Why doesn’t your DCF analyses always provide the expected results?

BVWire–UKIssue #50-1
May 9, 2023

The authors of The Footnotes Analyst argue this month that models based on enterprise free cash flow should, in theory, produce the same result as invested capital models. Often they don’t. The application of growth factors in terminal value calculations is one of the major reasons DCF and “residual value” models can differ, they demonstrate in “DCF Version Residual Income: A Difference in Returns.” For example:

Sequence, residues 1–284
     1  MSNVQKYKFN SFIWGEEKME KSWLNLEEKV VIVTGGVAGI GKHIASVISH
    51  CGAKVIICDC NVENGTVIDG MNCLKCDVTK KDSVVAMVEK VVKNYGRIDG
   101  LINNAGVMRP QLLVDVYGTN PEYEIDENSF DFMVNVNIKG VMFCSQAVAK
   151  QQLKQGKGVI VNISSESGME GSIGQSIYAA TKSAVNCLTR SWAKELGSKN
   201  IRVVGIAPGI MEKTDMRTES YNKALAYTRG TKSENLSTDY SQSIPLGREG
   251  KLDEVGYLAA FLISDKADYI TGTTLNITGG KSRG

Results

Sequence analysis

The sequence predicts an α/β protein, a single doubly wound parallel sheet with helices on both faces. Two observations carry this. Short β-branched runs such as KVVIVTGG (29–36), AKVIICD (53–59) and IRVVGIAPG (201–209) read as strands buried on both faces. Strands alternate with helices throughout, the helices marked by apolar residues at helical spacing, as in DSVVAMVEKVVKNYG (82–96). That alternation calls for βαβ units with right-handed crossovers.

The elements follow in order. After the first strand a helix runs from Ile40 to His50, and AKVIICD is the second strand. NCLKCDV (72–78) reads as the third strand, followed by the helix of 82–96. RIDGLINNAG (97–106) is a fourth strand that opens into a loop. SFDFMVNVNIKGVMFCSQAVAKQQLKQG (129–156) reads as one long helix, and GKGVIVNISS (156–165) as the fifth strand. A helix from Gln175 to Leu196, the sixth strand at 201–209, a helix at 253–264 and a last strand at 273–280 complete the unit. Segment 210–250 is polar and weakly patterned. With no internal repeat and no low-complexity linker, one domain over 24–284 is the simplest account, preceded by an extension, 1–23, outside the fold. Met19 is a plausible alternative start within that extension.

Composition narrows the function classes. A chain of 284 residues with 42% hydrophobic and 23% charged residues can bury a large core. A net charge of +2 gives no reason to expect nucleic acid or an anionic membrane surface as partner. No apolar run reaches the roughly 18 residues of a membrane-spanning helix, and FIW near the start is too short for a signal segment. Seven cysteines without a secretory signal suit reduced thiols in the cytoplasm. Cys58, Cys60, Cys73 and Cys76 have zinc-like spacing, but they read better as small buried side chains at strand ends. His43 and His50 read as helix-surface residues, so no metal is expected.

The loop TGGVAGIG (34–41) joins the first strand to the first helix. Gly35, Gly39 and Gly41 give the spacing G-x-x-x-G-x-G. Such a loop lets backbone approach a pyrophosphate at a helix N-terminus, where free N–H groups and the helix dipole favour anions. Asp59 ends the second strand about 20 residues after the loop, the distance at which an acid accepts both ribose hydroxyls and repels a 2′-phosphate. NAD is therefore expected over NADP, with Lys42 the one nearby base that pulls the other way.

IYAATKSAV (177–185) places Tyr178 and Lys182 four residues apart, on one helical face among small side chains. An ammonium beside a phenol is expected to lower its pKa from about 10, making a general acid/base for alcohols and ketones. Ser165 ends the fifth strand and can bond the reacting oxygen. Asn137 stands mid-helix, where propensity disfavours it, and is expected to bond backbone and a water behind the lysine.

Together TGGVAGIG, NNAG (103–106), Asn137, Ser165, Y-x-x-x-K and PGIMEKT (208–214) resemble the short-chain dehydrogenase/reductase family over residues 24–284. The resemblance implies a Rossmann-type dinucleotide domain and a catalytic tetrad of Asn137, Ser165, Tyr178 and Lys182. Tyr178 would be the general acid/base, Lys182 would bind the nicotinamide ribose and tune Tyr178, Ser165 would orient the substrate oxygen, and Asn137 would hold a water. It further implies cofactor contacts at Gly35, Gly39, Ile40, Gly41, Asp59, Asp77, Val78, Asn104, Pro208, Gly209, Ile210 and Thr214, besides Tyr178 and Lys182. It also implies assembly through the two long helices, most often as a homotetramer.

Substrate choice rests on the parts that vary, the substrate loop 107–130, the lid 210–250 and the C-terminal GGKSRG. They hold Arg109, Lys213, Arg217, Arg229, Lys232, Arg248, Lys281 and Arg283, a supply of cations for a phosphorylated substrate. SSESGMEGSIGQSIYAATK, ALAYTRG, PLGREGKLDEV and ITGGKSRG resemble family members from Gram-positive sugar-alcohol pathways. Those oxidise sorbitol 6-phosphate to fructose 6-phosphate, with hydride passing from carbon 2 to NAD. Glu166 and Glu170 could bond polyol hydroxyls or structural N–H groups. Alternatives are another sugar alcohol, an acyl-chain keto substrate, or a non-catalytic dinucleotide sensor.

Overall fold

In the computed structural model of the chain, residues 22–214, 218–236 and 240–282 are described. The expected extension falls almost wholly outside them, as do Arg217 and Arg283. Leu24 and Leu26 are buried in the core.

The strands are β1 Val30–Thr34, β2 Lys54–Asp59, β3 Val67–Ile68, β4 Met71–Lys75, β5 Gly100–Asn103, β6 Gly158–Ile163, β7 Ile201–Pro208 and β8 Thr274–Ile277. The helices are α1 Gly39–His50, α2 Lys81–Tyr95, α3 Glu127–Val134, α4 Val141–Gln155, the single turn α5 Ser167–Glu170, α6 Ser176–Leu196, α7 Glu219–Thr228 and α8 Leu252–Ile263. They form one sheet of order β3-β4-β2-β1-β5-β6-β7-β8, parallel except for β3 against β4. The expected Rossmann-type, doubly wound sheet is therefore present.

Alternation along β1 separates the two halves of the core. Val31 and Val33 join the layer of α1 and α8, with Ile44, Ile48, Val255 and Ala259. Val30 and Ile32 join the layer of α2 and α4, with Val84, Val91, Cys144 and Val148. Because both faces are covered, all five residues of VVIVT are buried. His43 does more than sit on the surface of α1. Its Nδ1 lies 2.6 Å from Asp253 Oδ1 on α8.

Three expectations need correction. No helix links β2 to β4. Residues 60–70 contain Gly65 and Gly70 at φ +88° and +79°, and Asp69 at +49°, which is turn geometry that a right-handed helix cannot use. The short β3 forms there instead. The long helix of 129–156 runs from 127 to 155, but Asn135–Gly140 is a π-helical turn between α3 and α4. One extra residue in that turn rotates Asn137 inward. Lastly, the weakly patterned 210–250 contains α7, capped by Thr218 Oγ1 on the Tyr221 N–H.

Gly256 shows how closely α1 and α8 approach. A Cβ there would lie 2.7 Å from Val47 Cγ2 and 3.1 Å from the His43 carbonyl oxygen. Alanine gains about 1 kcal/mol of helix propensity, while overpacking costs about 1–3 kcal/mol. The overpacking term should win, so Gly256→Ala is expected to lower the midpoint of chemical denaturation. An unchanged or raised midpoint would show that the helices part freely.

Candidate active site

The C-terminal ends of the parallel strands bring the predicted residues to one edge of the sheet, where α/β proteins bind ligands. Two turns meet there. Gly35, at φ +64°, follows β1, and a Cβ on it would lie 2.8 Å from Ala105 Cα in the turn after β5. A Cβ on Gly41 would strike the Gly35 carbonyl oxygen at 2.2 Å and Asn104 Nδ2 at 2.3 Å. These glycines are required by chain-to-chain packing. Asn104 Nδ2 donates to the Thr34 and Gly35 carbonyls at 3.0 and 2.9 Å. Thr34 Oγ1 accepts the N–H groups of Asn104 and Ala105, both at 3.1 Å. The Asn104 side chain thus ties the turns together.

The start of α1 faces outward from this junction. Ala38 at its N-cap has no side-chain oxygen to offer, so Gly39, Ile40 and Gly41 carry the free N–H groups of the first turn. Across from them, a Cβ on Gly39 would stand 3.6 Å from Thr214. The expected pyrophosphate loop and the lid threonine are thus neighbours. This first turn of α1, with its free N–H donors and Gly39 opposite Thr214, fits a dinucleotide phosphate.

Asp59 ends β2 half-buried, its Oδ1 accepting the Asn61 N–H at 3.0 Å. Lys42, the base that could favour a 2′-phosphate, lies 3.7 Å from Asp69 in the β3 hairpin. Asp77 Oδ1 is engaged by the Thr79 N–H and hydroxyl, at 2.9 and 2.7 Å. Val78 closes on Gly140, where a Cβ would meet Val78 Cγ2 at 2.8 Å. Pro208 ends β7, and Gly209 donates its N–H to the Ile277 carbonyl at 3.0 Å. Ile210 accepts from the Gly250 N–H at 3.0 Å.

[A]ssume high historical investment by a company has resulted in low aggregate return, but this return is forecast to improve because the incremental return on new investment is expected to be much higher. The impact is that invested capital will grow at a lower rate than profit or cash flow and, as a consequence, residual income will grow at a higher rate.

Other factors can affect DCF calculations besides terminal growth rates, the authors demonstrate. They observe that “it is common to base valuations on adjusted rather than GAAP metrics. If income or expense items that are reflected in changes in balance sheet items are excluded from the profit used for residual income, the residual income based valuation will be incorrect.”

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